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Metabolism. 2000 Oct;49(10):1295-300.

Change of cytokine balance in diet-induced obese mice.

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Department of Food and Nutrition, Japan Women's University, Tokyo.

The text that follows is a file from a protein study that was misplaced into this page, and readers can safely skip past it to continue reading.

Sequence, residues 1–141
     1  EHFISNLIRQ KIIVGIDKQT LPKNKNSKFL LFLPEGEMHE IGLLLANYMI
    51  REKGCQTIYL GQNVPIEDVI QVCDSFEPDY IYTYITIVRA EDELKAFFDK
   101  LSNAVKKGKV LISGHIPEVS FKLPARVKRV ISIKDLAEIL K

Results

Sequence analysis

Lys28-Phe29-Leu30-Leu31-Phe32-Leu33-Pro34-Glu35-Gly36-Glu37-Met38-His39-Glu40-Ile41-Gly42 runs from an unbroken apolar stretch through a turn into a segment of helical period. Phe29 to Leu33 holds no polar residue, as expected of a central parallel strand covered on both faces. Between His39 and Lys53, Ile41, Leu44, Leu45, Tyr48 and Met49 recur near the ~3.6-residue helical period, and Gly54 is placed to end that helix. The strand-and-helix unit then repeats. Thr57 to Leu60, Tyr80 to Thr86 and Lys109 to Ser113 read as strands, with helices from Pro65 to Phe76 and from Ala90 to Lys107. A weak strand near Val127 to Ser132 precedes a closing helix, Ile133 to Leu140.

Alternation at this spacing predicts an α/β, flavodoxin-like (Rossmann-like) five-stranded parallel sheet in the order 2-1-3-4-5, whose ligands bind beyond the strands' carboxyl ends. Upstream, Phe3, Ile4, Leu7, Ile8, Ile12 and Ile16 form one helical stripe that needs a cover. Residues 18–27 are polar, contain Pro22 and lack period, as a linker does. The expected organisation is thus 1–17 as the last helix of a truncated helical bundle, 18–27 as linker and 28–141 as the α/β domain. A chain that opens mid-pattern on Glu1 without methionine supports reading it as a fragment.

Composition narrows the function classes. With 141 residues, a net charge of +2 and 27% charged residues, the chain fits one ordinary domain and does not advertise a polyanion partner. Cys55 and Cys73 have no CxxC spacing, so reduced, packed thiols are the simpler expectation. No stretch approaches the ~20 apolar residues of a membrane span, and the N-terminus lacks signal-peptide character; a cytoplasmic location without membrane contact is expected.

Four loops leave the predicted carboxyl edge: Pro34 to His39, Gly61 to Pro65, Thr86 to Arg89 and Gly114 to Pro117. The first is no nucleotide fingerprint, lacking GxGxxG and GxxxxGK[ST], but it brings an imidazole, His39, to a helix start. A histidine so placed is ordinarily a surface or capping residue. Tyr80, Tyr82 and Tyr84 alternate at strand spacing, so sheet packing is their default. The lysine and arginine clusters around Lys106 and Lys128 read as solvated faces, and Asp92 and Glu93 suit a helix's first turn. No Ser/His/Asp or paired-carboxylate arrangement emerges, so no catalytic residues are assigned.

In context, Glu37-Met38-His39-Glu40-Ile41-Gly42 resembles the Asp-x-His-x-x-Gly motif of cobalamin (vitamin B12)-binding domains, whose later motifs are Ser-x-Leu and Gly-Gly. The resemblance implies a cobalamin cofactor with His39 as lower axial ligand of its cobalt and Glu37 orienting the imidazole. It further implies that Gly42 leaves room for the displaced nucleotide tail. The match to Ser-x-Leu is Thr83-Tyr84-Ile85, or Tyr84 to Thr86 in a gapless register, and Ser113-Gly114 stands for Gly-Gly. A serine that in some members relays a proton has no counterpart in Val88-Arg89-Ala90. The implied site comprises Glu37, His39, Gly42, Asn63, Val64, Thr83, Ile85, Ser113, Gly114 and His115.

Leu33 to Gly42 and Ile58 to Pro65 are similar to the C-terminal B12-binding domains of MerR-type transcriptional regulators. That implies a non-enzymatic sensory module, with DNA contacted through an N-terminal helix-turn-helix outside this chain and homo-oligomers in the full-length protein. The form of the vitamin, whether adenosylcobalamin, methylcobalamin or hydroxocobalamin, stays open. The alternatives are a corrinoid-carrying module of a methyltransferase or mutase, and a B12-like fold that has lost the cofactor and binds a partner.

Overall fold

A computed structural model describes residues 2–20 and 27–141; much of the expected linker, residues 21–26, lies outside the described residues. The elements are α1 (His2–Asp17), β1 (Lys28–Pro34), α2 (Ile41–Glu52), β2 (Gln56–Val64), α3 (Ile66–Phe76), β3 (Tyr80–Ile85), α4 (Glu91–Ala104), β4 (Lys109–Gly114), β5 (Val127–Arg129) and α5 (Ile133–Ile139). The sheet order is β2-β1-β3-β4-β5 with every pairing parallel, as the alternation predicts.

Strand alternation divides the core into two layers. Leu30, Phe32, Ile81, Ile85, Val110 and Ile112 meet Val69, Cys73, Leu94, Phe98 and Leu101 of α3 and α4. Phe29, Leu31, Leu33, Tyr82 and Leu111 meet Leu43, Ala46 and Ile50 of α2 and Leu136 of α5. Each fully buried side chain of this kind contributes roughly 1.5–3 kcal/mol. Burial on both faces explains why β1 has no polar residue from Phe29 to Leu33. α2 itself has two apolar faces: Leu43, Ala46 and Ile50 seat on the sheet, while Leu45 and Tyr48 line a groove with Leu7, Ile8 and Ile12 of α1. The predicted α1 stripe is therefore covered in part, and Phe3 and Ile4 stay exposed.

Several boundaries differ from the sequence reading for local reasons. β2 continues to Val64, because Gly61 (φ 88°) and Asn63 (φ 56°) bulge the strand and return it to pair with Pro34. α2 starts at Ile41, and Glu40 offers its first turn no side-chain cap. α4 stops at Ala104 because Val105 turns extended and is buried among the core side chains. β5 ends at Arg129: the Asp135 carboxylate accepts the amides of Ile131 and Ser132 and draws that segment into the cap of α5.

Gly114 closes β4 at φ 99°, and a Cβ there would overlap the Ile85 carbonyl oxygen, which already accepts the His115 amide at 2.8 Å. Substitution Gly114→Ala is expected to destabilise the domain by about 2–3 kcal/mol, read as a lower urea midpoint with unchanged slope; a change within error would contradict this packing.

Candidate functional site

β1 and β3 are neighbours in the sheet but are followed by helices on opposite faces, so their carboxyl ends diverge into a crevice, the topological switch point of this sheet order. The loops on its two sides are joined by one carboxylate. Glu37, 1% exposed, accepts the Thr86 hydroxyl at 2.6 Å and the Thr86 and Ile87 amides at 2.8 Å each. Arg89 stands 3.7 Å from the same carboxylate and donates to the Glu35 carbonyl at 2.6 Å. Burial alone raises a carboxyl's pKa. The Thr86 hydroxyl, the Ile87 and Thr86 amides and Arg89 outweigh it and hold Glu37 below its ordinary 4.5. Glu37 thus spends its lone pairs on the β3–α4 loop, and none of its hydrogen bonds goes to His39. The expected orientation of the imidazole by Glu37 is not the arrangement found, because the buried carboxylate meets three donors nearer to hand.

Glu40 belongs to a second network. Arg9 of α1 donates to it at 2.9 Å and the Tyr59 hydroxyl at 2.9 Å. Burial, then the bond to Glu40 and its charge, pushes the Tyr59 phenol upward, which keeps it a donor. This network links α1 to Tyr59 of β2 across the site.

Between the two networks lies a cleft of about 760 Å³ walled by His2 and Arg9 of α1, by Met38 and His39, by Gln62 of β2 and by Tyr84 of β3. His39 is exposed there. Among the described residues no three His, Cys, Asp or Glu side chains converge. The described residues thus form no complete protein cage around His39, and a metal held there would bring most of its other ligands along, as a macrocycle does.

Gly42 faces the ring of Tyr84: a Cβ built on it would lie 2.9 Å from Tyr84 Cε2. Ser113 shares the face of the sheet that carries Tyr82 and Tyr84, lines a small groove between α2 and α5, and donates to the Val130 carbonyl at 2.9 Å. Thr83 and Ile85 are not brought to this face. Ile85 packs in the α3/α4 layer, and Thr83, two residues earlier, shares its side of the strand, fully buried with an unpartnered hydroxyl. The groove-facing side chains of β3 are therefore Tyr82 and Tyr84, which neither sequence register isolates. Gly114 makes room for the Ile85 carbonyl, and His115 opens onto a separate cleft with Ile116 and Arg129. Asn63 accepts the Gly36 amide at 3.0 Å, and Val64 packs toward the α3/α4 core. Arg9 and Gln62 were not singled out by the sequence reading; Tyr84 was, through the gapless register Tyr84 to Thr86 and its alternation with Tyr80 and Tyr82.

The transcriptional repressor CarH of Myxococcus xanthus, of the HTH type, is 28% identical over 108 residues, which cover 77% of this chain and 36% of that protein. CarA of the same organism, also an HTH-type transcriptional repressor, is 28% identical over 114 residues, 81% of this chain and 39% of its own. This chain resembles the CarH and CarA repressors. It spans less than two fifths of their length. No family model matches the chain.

Although decreased T-cell function has been observed in obese human subjects and genetically obese animals, the precise role of immune functions in obesity is still unclear. To investigate immune functions in obesity, we examined the proliferative responses of splenic lymphocytes and their capacity to produce cytokines in the presence or absence of leptin, the protein produced by the obese gene, in diet-induced obese and control mice. For induction of obesity, C57BL/6J mice were fed a high-fat diet for 13 weeks. In mice fed the high-fat diet, body weight, fat pad weight, and tumor necrosis factor (TNF) alpha production by adipocytes were significantly increased relative to mice fed the normal diet. Lipopolysaccharide (LPS) stimulated proliferation of cultured splenocytes from diet-induced obese mice was also increased. However, production of interleukin (IL)-2 by splenic lymphocytes from obese mice was suppressed, whereas interferon (IFN)-gamma and IL-4 production was increased. Exogenous lepitn regulated the cytokine production by cultured splenocytes from control and obese mice, respectively (upregulation of IFN-gamma and downregulation of IL-2 in control mice, and downregulation of IL-4 in obese mice). These results suggest that changes in cytokine production by splenic lymphocytes in obesity are indicative of altered immune functions that might contribute to related complications, although the effect of difference in nutrient intake (macro and micro) may also have contributed to the changes.

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